The Price of Power
|The Price of Power|
Italian poster for The Price of Power
|Directed by||Tonino Valerii|
|Produced by||Bianco Manini|
|Screenplay by||Massimo Patrizi|
|Music by||Luis Enríquez Bacalov|
|Edited by||Franco Fraticelli|
|Distributed by||Consorzio Italiano Distributori Indipendenti Film (CIDIF)|
|18 December 1969|
The Price of Power (Italian: Il prezzo del potere, 1969) is a Spaghetti Western directed by Tonino Valerii. The film stars Giuliano Gemma as the hero Bill Willer who tries to get revenge against the killers of his father while at the same time trying to prevent an assassination plot against president James Garfield (played by Van Johnson, with José Suárez playing Vice President Chester A. Arthur) in 1881. The score for the film was composed by the prolific Luis Enríquez Bacalov.
The president ends up dying from an assassin's bullet, but Willer's further quest for revenge is ultimately more successful. Spanish actress Maria Cuadra plays Lucreatia Garfield, the President's wife. In her role she portrays pretty much the role of Jackie Kennedy as a glamorous President's wife. Even in the assassination scene, Cuadra seems to emulate many of the same actions from Jackie Kennedy's last moments with John F. Kennedy in Dallas in 1963.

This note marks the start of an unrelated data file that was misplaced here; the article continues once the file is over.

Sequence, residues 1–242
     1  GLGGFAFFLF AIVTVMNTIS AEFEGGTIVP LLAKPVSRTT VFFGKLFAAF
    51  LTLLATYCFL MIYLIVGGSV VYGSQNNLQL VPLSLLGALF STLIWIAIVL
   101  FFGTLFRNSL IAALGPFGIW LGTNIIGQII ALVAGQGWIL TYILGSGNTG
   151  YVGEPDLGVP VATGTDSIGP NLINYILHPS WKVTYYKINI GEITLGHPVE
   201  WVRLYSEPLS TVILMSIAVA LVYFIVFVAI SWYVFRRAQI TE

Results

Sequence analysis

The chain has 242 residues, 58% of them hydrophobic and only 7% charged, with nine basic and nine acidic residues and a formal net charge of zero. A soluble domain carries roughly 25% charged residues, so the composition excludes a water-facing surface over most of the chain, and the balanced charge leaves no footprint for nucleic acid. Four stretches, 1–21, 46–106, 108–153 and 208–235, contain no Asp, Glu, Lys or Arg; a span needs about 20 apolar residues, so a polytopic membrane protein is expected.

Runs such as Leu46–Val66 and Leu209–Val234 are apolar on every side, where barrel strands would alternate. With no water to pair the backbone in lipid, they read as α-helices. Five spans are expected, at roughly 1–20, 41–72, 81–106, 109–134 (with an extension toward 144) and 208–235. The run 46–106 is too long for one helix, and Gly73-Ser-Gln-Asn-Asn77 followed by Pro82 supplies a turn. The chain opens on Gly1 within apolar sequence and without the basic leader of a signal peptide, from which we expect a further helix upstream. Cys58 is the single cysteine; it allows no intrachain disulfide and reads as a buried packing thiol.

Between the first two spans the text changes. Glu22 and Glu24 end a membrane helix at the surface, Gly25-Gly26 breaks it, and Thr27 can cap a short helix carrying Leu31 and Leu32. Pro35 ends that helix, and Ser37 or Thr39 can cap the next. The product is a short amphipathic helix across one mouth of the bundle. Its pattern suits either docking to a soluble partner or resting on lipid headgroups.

- Giuliano Gemma: Bill Willer
- Van Johnson: James A. Garfield
- Warren Vanders: Arthur MacDonald
- Fernando Rey: Pinkerton
- Benito Stefanelli: Sheriff Jefferson
- Maria Cuadra: Lucretia Garfield
- Ray Saunders: Jack Donovan
- José Suárez: Chester A. Arthur
- Manuel Zarzo: Nick
- Michael Harvey: Wallace
- Julio Pena: the governor of Texas
- José Calvo: Dr. Strips
- Antonio Casas: Mr. Willer
The film has many political overtones, most notably drawing similarities between the assassinations of two American presidents, James Garfield and John F. Kennedy. It also tackles some racial issues, with many of the antagonists, bitter after being on the losing side of the American Civil War, showing a distinctly racist attitude towards the hero's best friend, who is black.
While the historical president Garfield did die as a result of an assassin's bullet, the film's historical accuracy does not extend much further than that. While Garfield actually died from complications of the wound months after the actual event, in the film he dies shortly after the shooting. Furthermore, the film's events take place in Dallas, Texas while Garfield was in actuality shot in Washington, D.C.. In addition to taking place in the same city, the link to the assassination of another president of the United States, John F. Kennedy, is strengthened by the imagery used in the assassination scene, which imitates the Zapruder film of Kennedy's assassination.
In popular culture
Some parts of the soundtrack, composed by Bacalov, are featured in the videogame Red Dead Revolver.
- Hughes, p.106
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